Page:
I didn’t think it was too bad, if you paid attention to everything that was said they were factually correct on everything. the only problem is that many people still miss these details and will come away with the same old stereotypes and misconceptions. oh well, as long they are not blatantly cruel towards mormon beliefs, the publicity also results in some open-minded people looking into the church more – with some positive results.
I was wondering when somebody would post on this. I saw it. It grabbed my attention, to say the least. The show went out of its way (at multiple points) to distinguish between “mainstream Mormons” and the fundamentalists potrayed, but the showing and discussion of the garments left me feeling … I don’t know … violated. I’m not sure the writers intended it to have this effect, but it did on me. I was pretty angry, to be completely honest.
Also, the fact that the home-made garments were supposedly on a 14-year old boy (as well as other young, single boys) was a bit strange.
(And did you notice the very beginning of the first scene — where the lost-looking fundamentalist boy stares as two men hold hands walking out of the theater. You don’t think that was intentional…)
What bothered me more than the garments was the way everything about polygamy boiled down to sex-and-nothing-but-sex. They had the young plural wife on the stand describing her wedding night in greater detail than Law & Order usually has any subway rape victim describe her assault — I felt like everybody in the courtroom, on stage during the filming, and in the audience for the broadcast was holding their breath and drooling with glazed eyes as they listened to that testimony. Even their silly parody of a prophet never uttered a single line about religion as religious people (of any stripe) know it — everything he said was the worst possible sex-slave nonsense. It was a disgusting performance, overall.
I was a big fan during the first 10 years or so. 🙂 Lately, not so much, and this one was a real stinker.
I missed the first part with the garments. The Sinclair oil can part made me laugh a little, and some parts felt more like a mormon infomercial.
Not the best Law and Order I’ve seen.
I saw the first part of the show. It was in very poor taste and offended me. Apart from that the story was incredibly far-fetched. Having known some fundamentalists personally, I can tell you that the last place they would ever live or visit is New York City.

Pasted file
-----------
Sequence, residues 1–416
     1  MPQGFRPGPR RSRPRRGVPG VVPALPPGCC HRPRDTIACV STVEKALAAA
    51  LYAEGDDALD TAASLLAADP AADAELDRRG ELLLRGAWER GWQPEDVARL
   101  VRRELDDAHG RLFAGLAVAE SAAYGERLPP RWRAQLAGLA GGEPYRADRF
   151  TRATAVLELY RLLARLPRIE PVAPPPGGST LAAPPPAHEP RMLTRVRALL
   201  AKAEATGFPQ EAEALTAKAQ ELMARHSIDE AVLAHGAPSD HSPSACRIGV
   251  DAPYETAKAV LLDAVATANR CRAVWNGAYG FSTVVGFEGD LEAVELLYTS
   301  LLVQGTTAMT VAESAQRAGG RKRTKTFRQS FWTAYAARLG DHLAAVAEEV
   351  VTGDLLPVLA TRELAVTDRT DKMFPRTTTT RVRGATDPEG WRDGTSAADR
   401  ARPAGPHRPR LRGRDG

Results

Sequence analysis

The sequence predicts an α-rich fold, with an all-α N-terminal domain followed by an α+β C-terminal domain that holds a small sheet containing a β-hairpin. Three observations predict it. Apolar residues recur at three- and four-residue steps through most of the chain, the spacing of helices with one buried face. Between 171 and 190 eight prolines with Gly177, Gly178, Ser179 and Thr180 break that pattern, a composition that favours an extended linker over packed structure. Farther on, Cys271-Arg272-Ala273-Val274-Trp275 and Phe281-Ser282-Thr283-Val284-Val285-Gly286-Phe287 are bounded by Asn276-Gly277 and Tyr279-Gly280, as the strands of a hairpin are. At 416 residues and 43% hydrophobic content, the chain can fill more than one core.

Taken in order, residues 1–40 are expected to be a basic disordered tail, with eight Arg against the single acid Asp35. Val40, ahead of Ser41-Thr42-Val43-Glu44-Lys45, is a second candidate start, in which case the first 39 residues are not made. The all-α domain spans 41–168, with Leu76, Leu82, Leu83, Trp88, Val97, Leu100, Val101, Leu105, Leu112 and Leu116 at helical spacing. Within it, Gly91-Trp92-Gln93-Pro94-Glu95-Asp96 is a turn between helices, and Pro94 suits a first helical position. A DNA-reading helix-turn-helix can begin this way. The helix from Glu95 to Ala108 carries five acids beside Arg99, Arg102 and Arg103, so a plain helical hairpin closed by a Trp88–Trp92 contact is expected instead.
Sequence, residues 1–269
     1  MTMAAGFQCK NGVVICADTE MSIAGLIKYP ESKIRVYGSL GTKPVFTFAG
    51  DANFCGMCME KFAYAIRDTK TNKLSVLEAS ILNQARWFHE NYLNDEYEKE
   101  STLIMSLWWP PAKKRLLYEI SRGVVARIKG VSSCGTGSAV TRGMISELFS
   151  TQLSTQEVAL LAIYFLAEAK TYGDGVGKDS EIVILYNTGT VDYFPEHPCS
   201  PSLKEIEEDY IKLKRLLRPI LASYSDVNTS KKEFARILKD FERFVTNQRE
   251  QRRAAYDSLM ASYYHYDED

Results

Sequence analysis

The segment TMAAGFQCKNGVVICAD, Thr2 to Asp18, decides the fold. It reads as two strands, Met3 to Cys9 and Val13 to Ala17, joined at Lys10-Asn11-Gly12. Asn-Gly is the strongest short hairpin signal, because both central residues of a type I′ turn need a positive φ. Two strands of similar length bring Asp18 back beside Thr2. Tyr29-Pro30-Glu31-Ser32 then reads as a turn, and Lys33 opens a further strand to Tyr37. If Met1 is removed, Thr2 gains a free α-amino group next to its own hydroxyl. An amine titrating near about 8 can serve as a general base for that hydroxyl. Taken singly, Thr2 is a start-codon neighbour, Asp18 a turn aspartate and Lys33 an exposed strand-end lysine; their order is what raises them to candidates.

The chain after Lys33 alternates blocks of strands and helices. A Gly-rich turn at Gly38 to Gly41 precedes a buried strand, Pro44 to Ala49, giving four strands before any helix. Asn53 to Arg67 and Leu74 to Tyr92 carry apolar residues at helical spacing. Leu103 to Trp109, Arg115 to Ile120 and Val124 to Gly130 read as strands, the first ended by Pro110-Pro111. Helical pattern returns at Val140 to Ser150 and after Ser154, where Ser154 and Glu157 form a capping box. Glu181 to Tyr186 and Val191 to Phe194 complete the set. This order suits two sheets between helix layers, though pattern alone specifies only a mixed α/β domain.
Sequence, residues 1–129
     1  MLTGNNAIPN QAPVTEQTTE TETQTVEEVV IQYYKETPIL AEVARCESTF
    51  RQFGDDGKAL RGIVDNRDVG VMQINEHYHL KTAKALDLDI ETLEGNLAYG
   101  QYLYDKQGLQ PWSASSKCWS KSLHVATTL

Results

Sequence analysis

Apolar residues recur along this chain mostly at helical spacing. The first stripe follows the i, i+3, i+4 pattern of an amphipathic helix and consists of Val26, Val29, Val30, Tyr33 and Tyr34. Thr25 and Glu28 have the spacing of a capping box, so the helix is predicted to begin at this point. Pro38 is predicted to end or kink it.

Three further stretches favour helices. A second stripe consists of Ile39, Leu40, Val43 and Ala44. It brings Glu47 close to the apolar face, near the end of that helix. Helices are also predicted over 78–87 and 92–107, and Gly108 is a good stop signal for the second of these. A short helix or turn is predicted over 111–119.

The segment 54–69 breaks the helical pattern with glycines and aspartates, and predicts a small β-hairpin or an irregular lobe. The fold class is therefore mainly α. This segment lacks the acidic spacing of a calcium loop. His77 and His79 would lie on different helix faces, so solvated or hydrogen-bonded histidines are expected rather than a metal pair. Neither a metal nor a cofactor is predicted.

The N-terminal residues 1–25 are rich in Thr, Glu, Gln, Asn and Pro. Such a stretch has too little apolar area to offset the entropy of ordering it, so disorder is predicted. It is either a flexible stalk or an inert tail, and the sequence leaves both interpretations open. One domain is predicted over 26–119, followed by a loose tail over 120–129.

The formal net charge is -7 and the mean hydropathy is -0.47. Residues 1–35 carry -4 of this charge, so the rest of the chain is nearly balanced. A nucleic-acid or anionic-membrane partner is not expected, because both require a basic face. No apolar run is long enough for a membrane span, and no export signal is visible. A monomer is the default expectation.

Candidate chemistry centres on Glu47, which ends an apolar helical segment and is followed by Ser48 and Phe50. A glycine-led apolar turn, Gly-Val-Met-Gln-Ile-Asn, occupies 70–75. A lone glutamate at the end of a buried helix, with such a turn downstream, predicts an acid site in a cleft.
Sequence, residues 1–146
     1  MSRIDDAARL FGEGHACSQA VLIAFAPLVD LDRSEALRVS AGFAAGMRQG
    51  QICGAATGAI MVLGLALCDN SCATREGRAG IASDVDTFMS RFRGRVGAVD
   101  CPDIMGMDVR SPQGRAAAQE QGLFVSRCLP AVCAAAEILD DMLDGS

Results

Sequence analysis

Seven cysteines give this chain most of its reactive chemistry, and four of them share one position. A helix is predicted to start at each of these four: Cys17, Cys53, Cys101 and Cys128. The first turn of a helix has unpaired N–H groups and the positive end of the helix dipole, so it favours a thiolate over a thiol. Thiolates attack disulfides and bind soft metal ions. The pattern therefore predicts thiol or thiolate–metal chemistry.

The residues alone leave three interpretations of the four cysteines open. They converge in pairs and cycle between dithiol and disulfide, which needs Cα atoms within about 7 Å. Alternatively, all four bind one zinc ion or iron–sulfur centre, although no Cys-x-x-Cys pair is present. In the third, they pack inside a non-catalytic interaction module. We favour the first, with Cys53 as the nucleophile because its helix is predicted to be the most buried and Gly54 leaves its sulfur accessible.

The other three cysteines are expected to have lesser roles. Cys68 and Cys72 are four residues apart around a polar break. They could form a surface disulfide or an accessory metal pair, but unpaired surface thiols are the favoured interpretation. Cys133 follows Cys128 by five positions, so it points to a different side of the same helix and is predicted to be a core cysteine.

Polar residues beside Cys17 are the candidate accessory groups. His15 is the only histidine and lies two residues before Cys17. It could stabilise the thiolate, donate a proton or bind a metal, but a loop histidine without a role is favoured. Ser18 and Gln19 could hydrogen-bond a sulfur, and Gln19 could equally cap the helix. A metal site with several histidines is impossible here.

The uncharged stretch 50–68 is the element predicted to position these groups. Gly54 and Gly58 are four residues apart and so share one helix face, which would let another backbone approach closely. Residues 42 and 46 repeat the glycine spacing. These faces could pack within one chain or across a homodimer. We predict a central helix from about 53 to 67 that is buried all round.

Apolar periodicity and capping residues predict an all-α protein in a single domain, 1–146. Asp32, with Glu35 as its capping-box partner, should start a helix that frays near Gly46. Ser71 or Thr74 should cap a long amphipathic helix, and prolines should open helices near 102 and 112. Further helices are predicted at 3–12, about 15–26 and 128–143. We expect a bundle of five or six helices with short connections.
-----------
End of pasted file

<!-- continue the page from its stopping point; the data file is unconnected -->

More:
The disclaimers were hilarious in this episode of Law and Order. Equally funny was the gay couple exiting the theater at the beginning, and leaving no doubt as to what group has been waiting in the bushes for the right time to strike fear into the hearts of the biggest donators to the Yes on Proposition 8 brigade – The Mormon Church and its members.
In other words, this chapter of L & O could have been done in many ways, and with many different outcomes, but the points about “magic underwear” and harsh treatment of women were underscored because some people with creative control and Hollywood clout got pissed off that Prop 8 lost in the recent California elections.
I have just one more comment. The Mormon Church has a very interesting history of defining marriage to suit its own goals and objectives.
I have to say, I was less offended than I thought I would be. The tone of the show was pretty inconsistent, between the far fetched and parts that seem scripted by lds.org.
– Colm Meaney’s southern fried accent. He’s from AZ, not AL! (Although I am normally a big Colm Meaney fan).
– That the fundies would head for NYC – kind of like the Beverly Hillbillies or Green Acres, but with FLDS.
– The knowledge of Mormonism ranged from nonexistent to weird stereotypes to a recitation of the Encyclopedia or Mormonism.
– That the motor oil from SLC was somehow relevant to the AZ fundies. Perhaps they missed the point that to the fundies the SLC-based church is of Satan?
– Is Palmyra, NY really big enough to have a car rental company there? Really?
– I’ve been to the site that the lieutenant was searching on about garments. It traces the history of garments from JS to the present. The site is factual and interesting, but it is a faithshaker for some. Was showing the site a way to direct people to the story behind the “weirdness” of Mormonism? I would think a non-Mo would find it completely ridiculous.
– The polygamy angle and religious persecution angle was interesting, which is why I love legal shows. The judge was very pro-religious rights. The ADAs were disgusted by the sex-slaving polygamists. Jack McCoy gave an impassioned speech about the naturalness of polygamy given the male imperative to have multiple sexual partners, and suggested the pligs were “steering into the skid.” I never thought I’d hear Jack McCoy defending any fundamentalists. The fact that they respected the wife’s right to choose to go back was interesting, too. It seems as though they were ultimately unwilling to blame the victim. Very interesting development.